Greenlights on Recent Medical Devices

From my Google Alert notice, at least four companies received greenlight on their 510(k) clearance and approval, here they are (and hope more to come):

1. Diazyme’s 25-Hydroxy Vitamin D Assay (January 24, 2011)

2. Pacific Consolidated Industries’s On-Site Oxygen Generators (February 7, 2011)

3. Depuy Orthopaedics’s New Titanium Foam Implants and revision hip system (February 15, 2011)

4. Allergan’s Lap-Band Device (February 16, 2011)

Until next post, keep on reading and writing!!

When CT Scan Fails to be a Cool Tool

Radiation on Spotlight

Hot, hot, and hot!  Wait, I am not referring to weather.  For those who may not know, in science community “hot” refers to “high” when it comes to radiation dose.  Recent full-body X-ray scan in the airport-screening procedure, increasing usages of the cone-beam CT scanners in dentists and orthodontists’ clinics, and damages caused by the CT head scan are all become news headlines.   With the advancement of radiation technologies in security and medical devices, more and more people start to worry about the trade-off between speed and scale of radiation scanners and dose and time of radiation exposure one receives.

Good News to Cheer

Lung cancer, one of the leading deadly cancers, causes ~157,300 deaths in the US alone.  Early discovery of small cancer tissue formation and surgical removal can prolong the lives of patients.  Recent good news revealed by the National Cancer Institute-sponsored clinical trial with over 53,000 participants (mainly smokers and ex-smokers) has shown that a 20 % reduction of mortality in participants screened by low dose helical CT scan instead of conventional chest X-ray.  Computed tomography (CT) scan utilizes radioactive atoms that emit X-rays to image detailed structures of a body.  The CT scan apparently has higher sensitivity, so it can lead to early detection and treatment.  However, CT scan is potentially a double-edged sword, warrant further study.

Bad News to Pay Attention

Although the CT scan has higher sensitivity than conventional X-ray, it also has high false positive (for lung abnormality) alarms, leading to unnecessary medical procedures and medication.  The CT scan is expensive with a price tag of at least $300 per screening.  The huge CT scan machine produces ~400 times higher dose of radiation compared with conventional X-ray.  In fact, experts have long been warning the FDA to regulate the CT scan on colon cancer screening due to its high radiation dose.  Now, there are several incidences whereby patients were severely hurt after high dose of radiation exposure, causing a variety of ailments, including hair loss, confusion and memory problems.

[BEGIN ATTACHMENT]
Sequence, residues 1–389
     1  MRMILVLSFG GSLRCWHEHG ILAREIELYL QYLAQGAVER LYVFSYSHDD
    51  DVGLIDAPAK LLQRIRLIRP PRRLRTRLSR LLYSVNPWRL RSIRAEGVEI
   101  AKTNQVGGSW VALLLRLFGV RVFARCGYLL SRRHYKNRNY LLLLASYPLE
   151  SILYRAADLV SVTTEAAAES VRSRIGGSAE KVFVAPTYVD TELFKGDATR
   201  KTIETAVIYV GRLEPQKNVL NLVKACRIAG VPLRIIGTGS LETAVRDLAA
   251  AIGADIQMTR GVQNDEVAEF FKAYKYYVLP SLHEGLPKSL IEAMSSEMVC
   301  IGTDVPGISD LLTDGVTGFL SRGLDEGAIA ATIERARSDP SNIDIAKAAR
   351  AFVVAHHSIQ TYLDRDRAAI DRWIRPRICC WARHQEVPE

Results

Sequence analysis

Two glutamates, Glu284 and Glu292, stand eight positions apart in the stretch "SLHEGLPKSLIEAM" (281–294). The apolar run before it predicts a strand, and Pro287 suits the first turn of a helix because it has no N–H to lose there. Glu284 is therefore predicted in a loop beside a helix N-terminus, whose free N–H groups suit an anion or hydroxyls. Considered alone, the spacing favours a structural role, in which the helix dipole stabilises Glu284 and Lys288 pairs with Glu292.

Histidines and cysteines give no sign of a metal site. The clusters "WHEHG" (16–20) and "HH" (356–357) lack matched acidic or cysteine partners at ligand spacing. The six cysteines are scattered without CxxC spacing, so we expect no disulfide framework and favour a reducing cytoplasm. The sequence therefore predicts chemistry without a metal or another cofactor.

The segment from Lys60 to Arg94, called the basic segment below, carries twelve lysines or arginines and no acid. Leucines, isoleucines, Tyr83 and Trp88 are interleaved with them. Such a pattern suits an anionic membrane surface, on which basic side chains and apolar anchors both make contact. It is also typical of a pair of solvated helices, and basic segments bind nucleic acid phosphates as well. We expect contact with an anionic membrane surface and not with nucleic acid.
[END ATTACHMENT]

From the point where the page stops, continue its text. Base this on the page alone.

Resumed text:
Proper Use of CT Scan is Crucial

What is the safest way to use CT scan and how?  There are many controversies among different interest groups, e.g. medical device makers, radiologists, patient advocate groups, insurance companies, and governmental regulators.  Each has its own stance on the risks and benefits of CT scan in prevention and diagnosis of various cancers.  Is there any ways to improve the safety of CT scan?  According to the FDA’s new release on preventing radiation overdose during CT scans, “education” becomes a key.  The CT scan manufactures need to better train the operators, because most overdose is a result of improper use of the scanner (i.e. operator error) not the machine malfunction.  When CT scan is properly used, it did not result radiation overdose.  I wonder why CT scan, such a sophisticated and expensive machine, was used with no clear and strict rules in the first place.  Now the FDA has stepped up to the investigation and followed up the cases of overdose, hopefully medical community is able to learn from past mistakes and seriously improve education, so the benefits of CT scan could outweigh risks of radiation exposure.

Until next post, keep on reading and writing!!